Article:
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  1. I think it was stewart lee who said “Of course you can prove anything with facts. I prefer to rely on instinct and blind prejudice.”

    1. I have had a go for you. These may or may not be correct.

      1 West indies (2004 was their latest score under 100)
      2 Pakistan
      3 Australia
      4 45 NZ v SA 2013 Cape Town
      5 47 Australia v SA 2011 Cape Town
      6 SA v Eng 2006 Jo’Burg, Eng v SA 2007 Leeds
      7 Eng 11 times
      8 WI
      9 First

      Or I could have missed the point completely.

      1. Lowest ever was 26 by NZ v England in 1955. One of the first Tests that I remember. Some guy called Moir had a decent game but I don’t remember him, he prevented Bob Appleyard getting a hat-trick in both innings

      2. I think that the 47 against South Africa was better – at one point they were 21 for 9. At Nottingham they were quite respectable and got to 30 with the loss of only 6 wickets.

        But maybe a third innings collapse isn’t as good as a first morning one.

  2. In the footsteps of Shane Warne, I think Stuart Broad should be said “to blonde” the opposition, whereas Samit Patel, following the lineage of Ranatunga and Inzy, should be said “to crush” them.

    1. Actually a good and entirely non-statistical test for the quality of a, player is whether you can be “named” by someone.

      You know when you’ve been warned.

      You know when you’ve been muralied.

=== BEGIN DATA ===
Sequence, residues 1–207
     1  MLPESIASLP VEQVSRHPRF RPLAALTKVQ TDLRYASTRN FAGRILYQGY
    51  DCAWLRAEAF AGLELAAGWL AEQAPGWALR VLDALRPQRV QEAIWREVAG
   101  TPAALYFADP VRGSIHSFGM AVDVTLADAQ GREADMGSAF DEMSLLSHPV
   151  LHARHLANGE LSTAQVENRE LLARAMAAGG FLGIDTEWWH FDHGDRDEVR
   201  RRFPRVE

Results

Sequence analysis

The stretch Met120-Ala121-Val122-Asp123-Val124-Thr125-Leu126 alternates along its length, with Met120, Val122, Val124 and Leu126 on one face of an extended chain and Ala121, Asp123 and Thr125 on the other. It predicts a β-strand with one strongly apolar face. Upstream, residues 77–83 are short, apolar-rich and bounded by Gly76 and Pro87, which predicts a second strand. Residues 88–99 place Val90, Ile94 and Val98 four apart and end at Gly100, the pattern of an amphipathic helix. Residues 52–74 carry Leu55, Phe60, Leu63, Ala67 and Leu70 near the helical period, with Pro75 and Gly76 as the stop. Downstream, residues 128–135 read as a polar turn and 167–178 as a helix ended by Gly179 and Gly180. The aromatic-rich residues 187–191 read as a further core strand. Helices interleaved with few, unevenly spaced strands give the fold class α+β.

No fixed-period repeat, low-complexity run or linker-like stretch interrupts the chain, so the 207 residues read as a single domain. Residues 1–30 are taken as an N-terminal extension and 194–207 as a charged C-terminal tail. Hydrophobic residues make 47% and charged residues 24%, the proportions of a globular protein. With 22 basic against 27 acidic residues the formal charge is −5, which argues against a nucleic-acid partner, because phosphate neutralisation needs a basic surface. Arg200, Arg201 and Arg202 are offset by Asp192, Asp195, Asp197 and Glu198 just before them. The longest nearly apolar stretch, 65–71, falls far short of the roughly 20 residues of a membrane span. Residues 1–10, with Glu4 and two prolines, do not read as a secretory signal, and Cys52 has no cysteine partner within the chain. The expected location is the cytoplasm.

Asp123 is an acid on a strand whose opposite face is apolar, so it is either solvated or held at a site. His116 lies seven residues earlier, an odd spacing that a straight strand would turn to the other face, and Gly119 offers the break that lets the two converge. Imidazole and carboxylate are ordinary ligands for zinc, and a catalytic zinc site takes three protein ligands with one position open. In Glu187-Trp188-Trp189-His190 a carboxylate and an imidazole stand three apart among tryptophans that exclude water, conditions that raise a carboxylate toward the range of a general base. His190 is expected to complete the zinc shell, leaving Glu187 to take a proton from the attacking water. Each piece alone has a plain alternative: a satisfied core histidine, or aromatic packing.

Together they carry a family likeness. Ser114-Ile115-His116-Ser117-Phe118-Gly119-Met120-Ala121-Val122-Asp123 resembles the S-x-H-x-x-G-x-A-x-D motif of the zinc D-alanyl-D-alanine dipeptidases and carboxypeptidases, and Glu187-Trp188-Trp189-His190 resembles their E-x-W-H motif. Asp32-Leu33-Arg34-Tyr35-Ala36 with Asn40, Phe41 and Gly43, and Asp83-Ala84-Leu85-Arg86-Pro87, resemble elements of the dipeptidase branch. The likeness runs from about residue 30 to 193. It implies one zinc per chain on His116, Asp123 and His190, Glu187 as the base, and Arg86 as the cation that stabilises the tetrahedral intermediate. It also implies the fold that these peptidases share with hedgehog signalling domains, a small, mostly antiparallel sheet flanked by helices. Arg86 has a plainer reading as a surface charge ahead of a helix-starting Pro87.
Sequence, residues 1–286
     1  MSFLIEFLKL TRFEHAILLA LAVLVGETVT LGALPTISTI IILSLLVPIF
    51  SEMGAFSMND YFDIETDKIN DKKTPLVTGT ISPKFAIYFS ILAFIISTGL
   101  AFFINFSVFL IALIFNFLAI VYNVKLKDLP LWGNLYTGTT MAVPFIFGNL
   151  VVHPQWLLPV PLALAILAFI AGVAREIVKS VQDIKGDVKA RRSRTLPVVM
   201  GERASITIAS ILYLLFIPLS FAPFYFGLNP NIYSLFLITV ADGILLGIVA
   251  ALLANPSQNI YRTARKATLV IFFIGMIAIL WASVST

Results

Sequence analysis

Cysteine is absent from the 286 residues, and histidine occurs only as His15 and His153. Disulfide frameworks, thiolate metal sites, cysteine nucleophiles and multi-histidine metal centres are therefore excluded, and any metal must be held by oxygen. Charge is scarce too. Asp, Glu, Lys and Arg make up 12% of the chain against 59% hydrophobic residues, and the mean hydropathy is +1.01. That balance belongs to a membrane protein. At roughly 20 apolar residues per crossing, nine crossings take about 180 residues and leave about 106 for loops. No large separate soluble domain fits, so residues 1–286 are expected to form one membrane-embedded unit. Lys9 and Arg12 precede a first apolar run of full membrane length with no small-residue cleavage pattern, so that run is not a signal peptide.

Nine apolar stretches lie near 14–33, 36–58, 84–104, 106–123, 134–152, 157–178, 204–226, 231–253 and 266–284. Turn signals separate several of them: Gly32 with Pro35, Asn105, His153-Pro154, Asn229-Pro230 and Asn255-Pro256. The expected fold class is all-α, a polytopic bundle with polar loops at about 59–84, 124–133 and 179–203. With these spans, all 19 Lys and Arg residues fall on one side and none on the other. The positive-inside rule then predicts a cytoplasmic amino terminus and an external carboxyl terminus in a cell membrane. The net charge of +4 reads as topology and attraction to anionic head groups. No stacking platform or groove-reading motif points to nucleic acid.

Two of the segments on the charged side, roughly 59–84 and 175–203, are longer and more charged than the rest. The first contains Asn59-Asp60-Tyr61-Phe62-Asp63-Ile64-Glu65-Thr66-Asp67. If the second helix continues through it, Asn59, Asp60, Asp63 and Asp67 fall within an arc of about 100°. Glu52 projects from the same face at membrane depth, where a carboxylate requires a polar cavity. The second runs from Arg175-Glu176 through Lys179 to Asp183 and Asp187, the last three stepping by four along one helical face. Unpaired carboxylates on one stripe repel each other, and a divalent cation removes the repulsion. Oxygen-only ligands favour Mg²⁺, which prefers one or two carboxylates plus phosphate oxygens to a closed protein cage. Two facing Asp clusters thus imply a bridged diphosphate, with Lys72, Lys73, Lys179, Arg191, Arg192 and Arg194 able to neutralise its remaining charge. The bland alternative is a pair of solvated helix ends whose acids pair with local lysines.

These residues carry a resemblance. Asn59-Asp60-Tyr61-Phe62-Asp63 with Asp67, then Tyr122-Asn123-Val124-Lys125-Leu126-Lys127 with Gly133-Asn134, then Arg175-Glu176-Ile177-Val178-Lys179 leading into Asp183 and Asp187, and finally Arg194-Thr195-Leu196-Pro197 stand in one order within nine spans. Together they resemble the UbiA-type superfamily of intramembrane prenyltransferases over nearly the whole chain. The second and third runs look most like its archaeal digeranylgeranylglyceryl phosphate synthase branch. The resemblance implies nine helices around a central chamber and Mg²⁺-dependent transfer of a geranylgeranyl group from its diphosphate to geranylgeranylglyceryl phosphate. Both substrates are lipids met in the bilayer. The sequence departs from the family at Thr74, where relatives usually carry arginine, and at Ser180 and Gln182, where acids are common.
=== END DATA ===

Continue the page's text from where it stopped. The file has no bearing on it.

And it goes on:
You know when you’ve been afridied.

      You know when you’ve been larad.

      Nobody ever gets suched and ilotted.

      England definitely know when they have been amlad. Or hashimed, which sounds a bit better.

      1. Broaded – tick.
        Andersoned – tick.
        Rooted – tick.
        Cooked – big tick.
        Stokesed? Nah. Stoked? A tentative tick.
        Lythed – nah.
        Halesed – nah.
        Robsoned – conclusive proof that Sam should be Cook’s next opening partner.

  3. Lovely use of “trump” and “prize bell end” in the same sentence.

    As far as facts go, your phone-in man wasn’t so wrong. A man killed because he was hit by a bus while crossing the road and texting and wearing a jacket full of knives and nitro-glycerine was actually killed because Hashim Amla scored a hundred that day. The facts are clear – Hashim Amla scored a hundred, and that man was killed. That’s all you need to know. You can indeed prove anything with facts, as long as you are good at choosing which facts to ignore.

    In this case, Amla’s hundreds and Saffers wins, you skilfully concentrated on cricket statistics to “prove” your point. I assume you are aware (but chose not to mention) that it is SA policy to present all the players with a transformer if they win, and that the quality of transformer depends on the highest number of runs scored by a player multiplied by his beard length in cubits (to the nearest cubit). 100 or more gets them a Starscream, 50 to 100 a Bumblebee. Less than 50 and it’s a Rollbar. No wonder they try harder when Amla’s scored a ton.